Effects of face mask ventilation in apneic patients with a resuscitation ventilator in comparison with a bag-valve-mask.J Emerg Med. 2006 Jan; 30(1):63-7.JE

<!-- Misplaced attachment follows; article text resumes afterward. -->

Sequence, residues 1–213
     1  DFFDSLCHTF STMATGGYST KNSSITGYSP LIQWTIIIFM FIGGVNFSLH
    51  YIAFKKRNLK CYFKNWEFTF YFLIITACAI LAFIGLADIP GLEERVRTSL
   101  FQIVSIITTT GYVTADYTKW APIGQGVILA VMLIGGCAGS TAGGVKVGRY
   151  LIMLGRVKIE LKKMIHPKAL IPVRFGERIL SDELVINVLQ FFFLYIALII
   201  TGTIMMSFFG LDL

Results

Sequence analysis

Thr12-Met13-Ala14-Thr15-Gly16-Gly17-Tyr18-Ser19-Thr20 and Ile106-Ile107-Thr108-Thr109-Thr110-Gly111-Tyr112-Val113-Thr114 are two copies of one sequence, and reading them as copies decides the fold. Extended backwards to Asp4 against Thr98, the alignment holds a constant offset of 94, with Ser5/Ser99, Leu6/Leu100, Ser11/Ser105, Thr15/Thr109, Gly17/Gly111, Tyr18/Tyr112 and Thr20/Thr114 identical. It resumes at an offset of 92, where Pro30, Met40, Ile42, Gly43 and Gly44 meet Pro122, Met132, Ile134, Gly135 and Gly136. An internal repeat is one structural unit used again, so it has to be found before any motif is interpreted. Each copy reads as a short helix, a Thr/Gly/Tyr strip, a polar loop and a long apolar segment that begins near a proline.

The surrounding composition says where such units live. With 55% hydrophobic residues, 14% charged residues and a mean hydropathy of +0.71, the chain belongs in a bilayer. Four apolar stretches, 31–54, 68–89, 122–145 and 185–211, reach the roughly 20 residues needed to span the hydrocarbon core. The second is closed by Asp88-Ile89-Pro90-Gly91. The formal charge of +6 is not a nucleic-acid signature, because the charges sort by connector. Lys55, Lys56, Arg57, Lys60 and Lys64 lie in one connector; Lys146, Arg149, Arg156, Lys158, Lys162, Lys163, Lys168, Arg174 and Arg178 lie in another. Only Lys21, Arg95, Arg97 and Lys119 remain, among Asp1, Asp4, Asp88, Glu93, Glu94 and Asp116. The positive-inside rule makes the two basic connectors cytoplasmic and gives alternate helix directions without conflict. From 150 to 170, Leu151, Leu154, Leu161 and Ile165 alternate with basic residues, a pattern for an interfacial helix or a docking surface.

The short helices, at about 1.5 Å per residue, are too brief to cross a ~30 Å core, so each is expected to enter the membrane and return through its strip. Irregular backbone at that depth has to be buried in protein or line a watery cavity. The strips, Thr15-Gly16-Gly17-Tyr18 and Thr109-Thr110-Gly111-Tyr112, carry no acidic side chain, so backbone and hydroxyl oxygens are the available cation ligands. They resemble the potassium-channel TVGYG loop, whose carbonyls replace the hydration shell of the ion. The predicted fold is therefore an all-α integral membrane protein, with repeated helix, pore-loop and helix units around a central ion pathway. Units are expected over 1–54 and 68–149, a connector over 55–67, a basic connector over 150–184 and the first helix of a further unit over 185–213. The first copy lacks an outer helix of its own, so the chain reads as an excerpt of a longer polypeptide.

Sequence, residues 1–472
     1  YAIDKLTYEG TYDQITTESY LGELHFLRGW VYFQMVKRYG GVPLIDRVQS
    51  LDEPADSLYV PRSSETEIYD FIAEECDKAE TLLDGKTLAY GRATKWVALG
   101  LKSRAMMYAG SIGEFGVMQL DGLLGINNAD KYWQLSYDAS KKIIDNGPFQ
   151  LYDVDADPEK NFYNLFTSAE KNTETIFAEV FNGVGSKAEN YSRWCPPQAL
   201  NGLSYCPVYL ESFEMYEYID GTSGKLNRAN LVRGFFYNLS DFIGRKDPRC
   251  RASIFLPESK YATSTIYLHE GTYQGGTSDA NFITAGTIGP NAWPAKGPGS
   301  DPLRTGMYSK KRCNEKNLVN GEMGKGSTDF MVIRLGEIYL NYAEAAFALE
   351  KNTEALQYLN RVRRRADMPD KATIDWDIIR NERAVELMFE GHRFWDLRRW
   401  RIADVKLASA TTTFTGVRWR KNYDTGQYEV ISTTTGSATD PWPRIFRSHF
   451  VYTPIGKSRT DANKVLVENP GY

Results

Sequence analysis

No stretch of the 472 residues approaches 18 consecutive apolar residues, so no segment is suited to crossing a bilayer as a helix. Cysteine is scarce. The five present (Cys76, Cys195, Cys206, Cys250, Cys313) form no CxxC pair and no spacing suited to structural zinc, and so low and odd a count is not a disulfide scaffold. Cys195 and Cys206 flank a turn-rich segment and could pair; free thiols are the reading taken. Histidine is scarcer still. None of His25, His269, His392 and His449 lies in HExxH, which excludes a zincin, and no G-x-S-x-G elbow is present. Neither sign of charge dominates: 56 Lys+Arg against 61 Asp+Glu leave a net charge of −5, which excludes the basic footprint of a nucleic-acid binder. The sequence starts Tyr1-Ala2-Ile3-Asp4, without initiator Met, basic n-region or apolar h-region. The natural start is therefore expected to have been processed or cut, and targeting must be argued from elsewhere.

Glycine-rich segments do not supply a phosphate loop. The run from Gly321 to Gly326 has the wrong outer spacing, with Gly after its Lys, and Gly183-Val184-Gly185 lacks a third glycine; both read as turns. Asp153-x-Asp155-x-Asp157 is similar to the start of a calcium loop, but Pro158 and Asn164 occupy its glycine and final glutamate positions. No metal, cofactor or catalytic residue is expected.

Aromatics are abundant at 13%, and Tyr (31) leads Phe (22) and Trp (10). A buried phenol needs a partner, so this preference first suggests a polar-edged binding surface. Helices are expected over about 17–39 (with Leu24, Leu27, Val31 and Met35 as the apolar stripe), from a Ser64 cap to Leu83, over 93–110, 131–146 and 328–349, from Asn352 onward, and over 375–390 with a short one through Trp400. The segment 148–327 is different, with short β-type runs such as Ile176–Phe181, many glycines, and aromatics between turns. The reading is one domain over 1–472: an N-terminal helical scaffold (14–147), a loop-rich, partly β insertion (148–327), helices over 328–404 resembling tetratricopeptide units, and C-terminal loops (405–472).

Bag-valve-mask ventilation in an unprotected airway is often applied with a high flow rate or a short inflation time and, therefore, a high peak airway pressure, which may increase the risk of stomach inflation and subsequent pulmonary aspiration. Strategies to provide more patient safety may be a reduction in inspiratory flow and, therefore, peak airway pressure. The purpose of this study was to evaluate the effects of bag-valve-mask ventilation vs. a resuscitation ventilator on tidal volume, peak airway pressure, and peak inspiratory flow rate in apneic patients. In a crossover design, 40 adults were ventilated during induction of anesthesia with either a bag-valve-mask device with room air, or an oxygen-powered, flow-limited resuscitation ventilator. The study endpoints of expired tidal volume, minute volume, respiratory rate, peak airway pressure, delta airway pressure, peak inspiratory flow rate and inspiratory time fraction were measured using a pulmonary monitor. When compared with the resuscitation ventilator, the bag-valve-mask resulted in significantly higher (mean+/-SD) peak airway pressure (15.3+/-3 vs. 14.1+/-3 cm H2O, respectively; p=0.001) and delta airway pressure (14+/-3 vs. 12+/-3 cm H2O, respectively; p<0.001), but significantly lower oxygen saturation (95+/-3 vs. 98+/-1%, respectively; p<0.001). No patient in either group had clinically detectable stomach inflation. We conclude that the resuscitation ventilator is at least as effective as traditional bag-valve-mask or face mask resuscitation in this population of very controlled elective surgery patients.